You might find yourself in some similar situations as our next blogger, Dacey Cockrill, a senior at the University of Tennessee at Chattanooga.  When preparing for travel, I think Dacey would agree that you can always expect some bumps (and laughs) along the way!

Although I have repeatedly made the Dean’s list and proudly display my GPA at the top of my resume, I have to admit that I am not always the most intelligent when it comes to common-sense life knowledge. Now after my first full day in Cape Town, as I reflect on my journey to this point, my lack of street smarts becames particularly obvious. The first of my embarrassing blunders came when I conveniently lost my passport in January (In case the sarcasm doesn’t translate through writing, this was actually the furthest thing from convenient). In the face of gentle prodding, aka insistent demands, from my mother, I cleaned out my room when I went home for Christmas. While doing so, I set out my passport to take back to school; even though Cape Town Direct was not for five months, I was determined to be prepared…I’m sure the universe had a good laugh when I realized in March that I had lost it. I promptly ventured to the Chattanooga Public Library, a shrine to the 1960’s that’s riddled with a pervasive smell of moth balls, to order a new one. The librarians seemed less than optimistic that my passport would arrive in time. Therefore, I turned to the most low-key of options and enlisted the help of Tennessee Senator Bob Corker (next election, I got you Bob!). With the help of Senator Corker’s Constituent Services, I got my passport in two weeks.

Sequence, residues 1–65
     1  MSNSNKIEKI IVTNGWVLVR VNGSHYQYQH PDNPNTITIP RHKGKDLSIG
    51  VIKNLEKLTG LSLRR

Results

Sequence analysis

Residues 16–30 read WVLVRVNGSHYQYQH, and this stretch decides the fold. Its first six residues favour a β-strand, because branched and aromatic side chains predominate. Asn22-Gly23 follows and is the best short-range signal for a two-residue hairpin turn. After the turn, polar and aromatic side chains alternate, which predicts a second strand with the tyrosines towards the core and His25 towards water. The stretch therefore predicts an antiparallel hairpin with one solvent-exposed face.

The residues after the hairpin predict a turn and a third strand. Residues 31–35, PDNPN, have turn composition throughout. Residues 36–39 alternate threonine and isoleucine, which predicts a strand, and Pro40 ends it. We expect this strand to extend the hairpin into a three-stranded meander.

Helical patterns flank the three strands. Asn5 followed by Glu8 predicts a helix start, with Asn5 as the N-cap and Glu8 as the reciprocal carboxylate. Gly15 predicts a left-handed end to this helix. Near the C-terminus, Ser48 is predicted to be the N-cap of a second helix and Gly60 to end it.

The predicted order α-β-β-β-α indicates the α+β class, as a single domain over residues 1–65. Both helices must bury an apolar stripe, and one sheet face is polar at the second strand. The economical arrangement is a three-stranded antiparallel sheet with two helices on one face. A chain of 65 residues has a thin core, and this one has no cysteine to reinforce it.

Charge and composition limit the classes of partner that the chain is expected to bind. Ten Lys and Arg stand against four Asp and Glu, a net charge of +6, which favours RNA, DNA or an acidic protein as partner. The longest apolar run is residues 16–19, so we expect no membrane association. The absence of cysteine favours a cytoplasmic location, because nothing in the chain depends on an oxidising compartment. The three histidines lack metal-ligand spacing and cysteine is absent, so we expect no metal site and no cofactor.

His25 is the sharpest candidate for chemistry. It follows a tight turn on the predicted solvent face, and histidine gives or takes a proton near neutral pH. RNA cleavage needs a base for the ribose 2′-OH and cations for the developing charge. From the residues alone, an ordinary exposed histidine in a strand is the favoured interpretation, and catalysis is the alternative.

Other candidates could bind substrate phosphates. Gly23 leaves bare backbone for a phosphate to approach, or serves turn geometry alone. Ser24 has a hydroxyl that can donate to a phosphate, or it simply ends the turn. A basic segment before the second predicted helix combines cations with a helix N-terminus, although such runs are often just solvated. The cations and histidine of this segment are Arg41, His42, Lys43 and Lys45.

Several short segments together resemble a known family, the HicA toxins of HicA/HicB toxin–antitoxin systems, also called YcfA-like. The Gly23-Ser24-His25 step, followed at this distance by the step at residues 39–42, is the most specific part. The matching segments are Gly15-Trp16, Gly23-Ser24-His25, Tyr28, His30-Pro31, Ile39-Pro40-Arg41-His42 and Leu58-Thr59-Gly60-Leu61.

The next wound to my self-respect came a mere two weeks before the trip when I had the horrifying realization that I had scheduled the third leg of my trip home for hours (like half a day’s worth of hours) before I was to arrive back in the United States. I promptly called Expedia and spent the next hour and a half on the phone with a representative who, although he was incredibly courteous and patient, had an accent that my southern-raised ears truly had no hope of understanding. After hanging up the phone, I cried (because obviously the rational and productive thing to do is sit on my roommate’s floor and cry). Instead of paying a $400 switching fee, I opted to buy a $200 ticket for a different flight. Still not sure if this was a good plan. If on May 25th I am stuck in the Washington D.C. airport, we’ll know that it was not.

My third, and hopefully last, embarrassing “duh” moment came today. After attempting to charge my local phone multiple times in multiple outlets, I finally caved and asked Joanna if she would help me with it because I could not even get it to turn on. “Did you put the battery in it?” She asked…*insert shame here*…No, I in fact had not. While my moments utterly lacking common sense may occur more frequently than other people’s, I think all journeys come with at least one “well that was dumb moment.” Even though it will be at my expense, I hope this brought you a good laugh (or more modestly at least a slight chuckle) and the comforting realization that you are not the only one whose brain seems to take momentary vacations every now and again.

Cape Point